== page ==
Alaska Senate leaders want an investigation of whether Gov. Sarah Palin pressured and then fired the public safety commissioner because he wouldn't get rid of a state trooper who had gone through a bitter divorce with Palin's sister.
"I'm fairly confident at this point that what we're going to see is the appointment of an independent investigator," said Anchorage Democratic Sen. Hollis French, chairman of the judiciary committee.
Palin denied any wrongdoing Monday and said she welcomed an investigation.
"I've said all along, hold me accountable," Palin told reporters in Juneau. "And I'm telling the truth when I say that there was never pressure put on Commissioner Monegan."
The governor said she didn't think any conversations she, her husband, Todd, or members of her administration had with the commissioner about Mike Wooten should have been taken as pressure to get rid of the trooper.
"The proof is in the pudding," Palin said. "He didn't fire anybody. The trooper is still a trooper."
Public Safety Commissioner Walt Monegan has said he felt pressured after Palin, her husband and members of her administration contacted him about Wooten. He said he doesn't know why he was fired but thought Wooten could be part of it.
French said the investigator would explore whether Monegan's firing "was motivated by the Wooten case or something else." The investigator would also look at whether Palin or members of her administration violated the state personnel act by pressuring Monegan to get rid of the trooper, French said.
HOUSE TALKING ABOUT HEARINGS
Some state House member are talking about holding hearings on the issue in addition to having an investigator. Lawmakers were flying into Juneau on Monday to resume the special session on a gas pipeline and the House majority hadn't made a decision.
"I think everybody will be all over the place until we have a few days to be down here and get assembled," said House Judiciary Committee Chairman Jay Ramras, R-Fairbanks.
Ramras said he believes Palin would testify before a committee on what happened. That could "clear up this Jed Clampett-like issue surrounding her sister and trooper Wooten," he said.
Anchorage Democratic Rep. Max Gruenberg, D-Anchorage, said he'd like the House Judiciary Committee to have subpoena power and the ability to question witnesses under oath.
But Sen. French said he doesn't think hearings are the best idea now. He said an independent investigator would help keep politics out of it and let the Legislature concentrate on the gas line and energy cost-relief issues of the special session.
French said he'd prefer the investigator to be an attorney, maybe with a background as a prosecutor, who is apolitical and comfortable saying Palin did nothing wrong if that is what the facts show. It's not clear what the Legislature would do if an investigator did find the governor misused her power or violated state personnel rules.
French said the legislative council, a joint Senate-House committee, would pick and hire the investigator. He said he believes that will happen this week.
PALIN: 'MORE ENERGETIC APPROACH'
Anchorage Republican Sen. John Cowdery chairs the legislative council. But he's been indicted on federal corruption charges and has been in poor health, and he isn't at the special session. So Eagle River Republican Rep. Nancy Dahlstrom would handle it, French said.
Dahlstrom was traveling Monday and did not return a phone message seeking comment.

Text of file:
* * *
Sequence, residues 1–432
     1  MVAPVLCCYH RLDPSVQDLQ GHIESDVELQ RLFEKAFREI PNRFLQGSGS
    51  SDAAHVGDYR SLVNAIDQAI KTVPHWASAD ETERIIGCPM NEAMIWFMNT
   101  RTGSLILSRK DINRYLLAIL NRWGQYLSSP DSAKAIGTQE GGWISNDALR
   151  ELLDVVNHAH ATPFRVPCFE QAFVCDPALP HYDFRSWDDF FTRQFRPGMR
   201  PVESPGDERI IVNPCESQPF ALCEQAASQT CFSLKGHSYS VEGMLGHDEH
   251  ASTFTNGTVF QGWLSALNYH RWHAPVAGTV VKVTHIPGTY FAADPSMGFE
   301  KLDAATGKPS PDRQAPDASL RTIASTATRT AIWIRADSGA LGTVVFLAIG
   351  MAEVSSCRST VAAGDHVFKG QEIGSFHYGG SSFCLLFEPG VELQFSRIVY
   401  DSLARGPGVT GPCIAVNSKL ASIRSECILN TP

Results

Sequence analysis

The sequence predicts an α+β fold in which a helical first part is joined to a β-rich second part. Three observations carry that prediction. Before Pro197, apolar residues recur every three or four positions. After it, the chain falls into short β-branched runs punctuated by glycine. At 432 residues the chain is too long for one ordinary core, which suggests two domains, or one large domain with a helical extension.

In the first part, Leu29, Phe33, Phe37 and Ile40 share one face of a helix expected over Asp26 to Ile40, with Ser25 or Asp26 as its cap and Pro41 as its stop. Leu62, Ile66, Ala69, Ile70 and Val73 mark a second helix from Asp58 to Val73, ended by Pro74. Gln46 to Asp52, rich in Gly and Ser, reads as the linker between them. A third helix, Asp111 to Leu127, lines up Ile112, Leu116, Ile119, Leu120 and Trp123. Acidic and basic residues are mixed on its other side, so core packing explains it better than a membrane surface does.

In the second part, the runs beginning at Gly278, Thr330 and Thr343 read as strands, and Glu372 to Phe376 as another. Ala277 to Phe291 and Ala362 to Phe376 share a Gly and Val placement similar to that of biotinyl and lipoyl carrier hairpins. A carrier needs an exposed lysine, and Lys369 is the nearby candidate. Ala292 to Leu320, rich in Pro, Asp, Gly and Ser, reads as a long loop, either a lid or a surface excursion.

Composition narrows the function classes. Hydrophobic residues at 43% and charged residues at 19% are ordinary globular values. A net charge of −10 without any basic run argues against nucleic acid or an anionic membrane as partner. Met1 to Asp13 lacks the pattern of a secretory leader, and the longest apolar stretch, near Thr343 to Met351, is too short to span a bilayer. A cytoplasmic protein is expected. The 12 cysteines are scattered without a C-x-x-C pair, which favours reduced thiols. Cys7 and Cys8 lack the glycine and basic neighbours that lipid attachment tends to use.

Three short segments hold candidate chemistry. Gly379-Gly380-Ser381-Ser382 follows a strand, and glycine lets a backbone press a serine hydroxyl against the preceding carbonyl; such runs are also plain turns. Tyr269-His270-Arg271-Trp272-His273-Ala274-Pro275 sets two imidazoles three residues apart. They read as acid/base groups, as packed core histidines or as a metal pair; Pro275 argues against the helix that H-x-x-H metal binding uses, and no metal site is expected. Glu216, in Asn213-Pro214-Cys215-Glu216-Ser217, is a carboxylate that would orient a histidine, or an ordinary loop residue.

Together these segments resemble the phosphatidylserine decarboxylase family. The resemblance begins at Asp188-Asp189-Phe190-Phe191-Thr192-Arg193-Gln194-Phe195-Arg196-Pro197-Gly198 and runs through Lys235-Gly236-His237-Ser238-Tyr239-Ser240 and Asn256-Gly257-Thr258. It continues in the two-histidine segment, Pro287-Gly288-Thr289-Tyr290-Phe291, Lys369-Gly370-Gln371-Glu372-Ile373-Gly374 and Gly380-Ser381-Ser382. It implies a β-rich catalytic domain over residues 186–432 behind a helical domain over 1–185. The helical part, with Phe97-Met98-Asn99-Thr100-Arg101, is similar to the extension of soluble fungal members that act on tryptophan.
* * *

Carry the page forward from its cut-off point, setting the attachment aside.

State House Speaker John Harris said he's not pushing to have an investigator but is not opposed to it either. The governor is allowed to dismiss one of her commissioners at will but not to use "heavy-handed" tactics to try and remove a state trooper from his job, said Harris, who has a union background.
Harris also questioned Palin's explanation that she fired Monegan because she wants the public safety department to go in a "new direction." Palin has talked about being honest, open and transparent, Harris said, and her plans for the future of the department don't sound different from what Monegan was doing.
"There's no different direction we are going in," the Valdez Republican said. "That's not being honest about it, quite frankly."
Palin told reporters on Monday there is a need for action in the department of public safety and "a different, more energetic approach." She's said it's not about Wooten.
The Palins have made several accusations against Wooten and said they feared for the governor's safety. An internal trooper investigation in 2005 found all but two of the allegations to be unsubstantiated -- an illegal moose killing and a tasering of an 11-year-old. Wooten was disciplined.
Palin wrote Wooten a letter of recommendation for the trooper job in 2000, when she was Wasilla mayor. She said Monday that she obviously wouldn't do that now due to those "indiscretions, those illegal activities."
'A BIG MARE'S NEST'
Palin has defenders in the Legislature, including Palmer Republican Rep. Carl Gatto.
She's been honest in her two years as governor and he's inclined to give her the benefit of the doubt, Gatto said.
Anchorage Democratic Rep. Mike Doogan said sorting out the facts would be difficult, given all the rumors and assertions involved. He said he's not sure the Legislature can really do anything.
"You've got to have something more than I've seen so far," he said. "It's a big mare's nest, and you've got to pull everything apart and see what's pertinent and what's not."
Doogan also questioned the fired commissioner.
"If Walt Monegan felt that people were pressuring him in contravention of the law, why did he stay dummied up about it?" he said. "I never heard about it until he was canned."